After receiving complaints from iBook owners that their machines would no longer start up, the Danish Consumer Complaints Board conducted a detailed study of four complaints received between April and November 2006, including a microscopic examination of the faulty machines' motherboards. The board concluded a manufacturing defect caused solder joints around a voltage regulator to be flawed in such a way as to deteriorate each time the computer was turned on or off, resulting in power failures in some of Apple's iBook G4 notebook computers. Using a clamp to apply pressure to the computers' casing, next to the trackpad, closed up the broken joints and allowed the computer to start.
Apple was already ordered to refund one Danish customer, with interest, and expects its findings to influence cases elsewhere, said spokesman Frederik Boesgaard Navne. The board, part of Denmark's government-funded National Consumer Agency, had already received 10 complaints about the computers, but since publishing the report at the start of the week has already received five more. Apple has not challenged the contents of the study. Reports of faulty G4 iBooks have surfaced in other countries, and the board has supplied a copy of its findings to lawyers for one owner in the U.S., Navne said. Apple has no obligation to comply with the board's order to refund the customer's money, but "If they don't accept our ruling, we will help the customer sue Apple," Navne said. Apple has so far refused to acknowledge the defect in the iBook G4s.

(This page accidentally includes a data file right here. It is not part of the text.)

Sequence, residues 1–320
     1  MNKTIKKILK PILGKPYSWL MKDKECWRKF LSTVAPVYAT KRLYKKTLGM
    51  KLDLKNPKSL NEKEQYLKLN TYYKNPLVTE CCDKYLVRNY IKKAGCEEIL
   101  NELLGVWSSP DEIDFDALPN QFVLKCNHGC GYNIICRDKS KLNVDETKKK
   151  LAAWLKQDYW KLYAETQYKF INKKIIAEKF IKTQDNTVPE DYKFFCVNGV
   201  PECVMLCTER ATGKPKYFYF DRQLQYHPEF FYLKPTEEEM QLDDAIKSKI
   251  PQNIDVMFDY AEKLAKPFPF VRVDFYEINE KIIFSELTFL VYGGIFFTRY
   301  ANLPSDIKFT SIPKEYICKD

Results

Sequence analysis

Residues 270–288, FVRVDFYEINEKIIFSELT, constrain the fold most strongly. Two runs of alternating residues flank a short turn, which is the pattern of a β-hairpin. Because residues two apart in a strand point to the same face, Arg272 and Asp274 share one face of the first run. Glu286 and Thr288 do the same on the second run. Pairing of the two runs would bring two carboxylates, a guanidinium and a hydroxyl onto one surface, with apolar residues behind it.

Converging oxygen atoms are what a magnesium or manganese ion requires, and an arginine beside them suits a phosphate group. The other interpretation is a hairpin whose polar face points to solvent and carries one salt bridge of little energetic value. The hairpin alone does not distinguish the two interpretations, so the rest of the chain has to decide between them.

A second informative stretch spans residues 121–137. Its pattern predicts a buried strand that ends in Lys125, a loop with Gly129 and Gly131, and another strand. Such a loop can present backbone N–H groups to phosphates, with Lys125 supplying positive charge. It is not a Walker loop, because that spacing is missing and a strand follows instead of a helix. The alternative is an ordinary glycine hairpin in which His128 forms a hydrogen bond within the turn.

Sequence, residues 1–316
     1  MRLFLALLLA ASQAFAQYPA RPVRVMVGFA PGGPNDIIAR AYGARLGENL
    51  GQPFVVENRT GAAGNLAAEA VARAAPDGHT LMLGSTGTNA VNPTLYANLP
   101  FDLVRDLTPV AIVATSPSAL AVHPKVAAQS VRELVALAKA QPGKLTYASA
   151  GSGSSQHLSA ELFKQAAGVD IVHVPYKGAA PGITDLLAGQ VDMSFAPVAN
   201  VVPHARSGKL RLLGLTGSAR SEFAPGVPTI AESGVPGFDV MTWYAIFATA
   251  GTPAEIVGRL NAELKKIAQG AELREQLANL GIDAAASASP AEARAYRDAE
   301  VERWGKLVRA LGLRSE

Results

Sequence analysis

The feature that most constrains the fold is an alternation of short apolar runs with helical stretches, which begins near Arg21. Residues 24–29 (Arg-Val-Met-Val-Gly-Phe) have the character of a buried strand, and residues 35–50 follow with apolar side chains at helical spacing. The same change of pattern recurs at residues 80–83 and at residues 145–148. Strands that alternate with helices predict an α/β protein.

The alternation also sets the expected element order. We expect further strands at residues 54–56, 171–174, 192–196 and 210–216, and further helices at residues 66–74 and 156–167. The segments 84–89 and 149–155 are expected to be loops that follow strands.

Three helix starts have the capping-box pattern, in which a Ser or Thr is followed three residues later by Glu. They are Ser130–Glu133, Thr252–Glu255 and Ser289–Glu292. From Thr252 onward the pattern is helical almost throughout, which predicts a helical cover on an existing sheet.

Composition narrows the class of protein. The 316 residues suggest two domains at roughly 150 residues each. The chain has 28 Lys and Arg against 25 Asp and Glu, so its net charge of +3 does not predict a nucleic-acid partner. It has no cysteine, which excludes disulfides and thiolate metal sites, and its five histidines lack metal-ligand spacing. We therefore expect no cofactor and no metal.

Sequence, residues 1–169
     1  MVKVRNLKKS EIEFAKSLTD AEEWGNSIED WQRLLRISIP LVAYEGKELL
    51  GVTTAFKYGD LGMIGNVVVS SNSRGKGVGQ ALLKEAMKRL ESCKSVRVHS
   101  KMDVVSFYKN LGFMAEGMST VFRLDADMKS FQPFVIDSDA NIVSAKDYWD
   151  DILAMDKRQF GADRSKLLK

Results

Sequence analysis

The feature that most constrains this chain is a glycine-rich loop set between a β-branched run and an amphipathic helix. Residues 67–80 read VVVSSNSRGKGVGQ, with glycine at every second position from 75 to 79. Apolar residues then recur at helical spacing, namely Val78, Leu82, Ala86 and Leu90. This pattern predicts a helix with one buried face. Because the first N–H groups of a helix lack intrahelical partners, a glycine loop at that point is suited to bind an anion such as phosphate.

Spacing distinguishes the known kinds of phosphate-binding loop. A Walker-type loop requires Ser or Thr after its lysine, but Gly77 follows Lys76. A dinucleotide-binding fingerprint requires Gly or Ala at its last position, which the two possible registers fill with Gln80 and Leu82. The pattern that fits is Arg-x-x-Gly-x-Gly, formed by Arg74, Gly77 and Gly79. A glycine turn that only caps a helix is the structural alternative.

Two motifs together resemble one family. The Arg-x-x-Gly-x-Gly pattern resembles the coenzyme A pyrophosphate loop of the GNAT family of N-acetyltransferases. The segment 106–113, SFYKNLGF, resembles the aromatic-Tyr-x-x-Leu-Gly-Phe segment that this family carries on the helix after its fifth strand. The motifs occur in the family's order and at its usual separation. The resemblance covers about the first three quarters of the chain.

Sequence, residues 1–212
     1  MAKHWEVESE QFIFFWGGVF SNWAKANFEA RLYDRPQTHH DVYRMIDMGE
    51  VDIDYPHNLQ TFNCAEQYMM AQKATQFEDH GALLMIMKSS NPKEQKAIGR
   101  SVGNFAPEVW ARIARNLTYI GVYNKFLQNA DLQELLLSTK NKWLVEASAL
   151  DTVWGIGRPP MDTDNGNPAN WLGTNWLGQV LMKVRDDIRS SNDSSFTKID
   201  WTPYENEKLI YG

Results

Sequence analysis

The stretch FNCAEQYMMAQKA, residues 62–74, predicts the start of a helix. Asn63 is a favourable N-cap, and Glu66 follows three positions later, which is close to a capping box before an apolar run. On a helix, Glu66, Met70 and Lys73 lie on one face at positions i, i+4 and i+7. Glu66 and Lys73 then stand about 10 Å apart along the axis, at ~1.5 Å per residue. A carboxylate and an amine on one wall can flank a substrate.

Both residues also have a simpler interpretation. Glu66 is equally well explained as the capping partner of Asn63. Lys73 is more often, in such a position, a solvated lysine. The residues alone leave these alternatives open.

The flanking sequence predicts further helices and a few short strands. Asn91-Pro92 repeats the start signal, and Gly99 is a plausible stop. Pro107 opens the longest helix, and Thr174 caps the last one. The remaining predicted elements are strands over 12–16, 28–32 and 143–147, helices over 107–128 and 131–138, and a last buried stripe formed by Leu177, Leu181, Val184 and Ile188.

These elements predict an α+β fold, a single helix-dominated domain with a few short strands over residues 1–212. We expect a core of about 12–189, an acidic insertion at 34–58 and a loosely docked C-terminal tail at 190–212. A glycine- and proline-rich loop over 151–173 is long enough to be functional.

News source: InfoWorld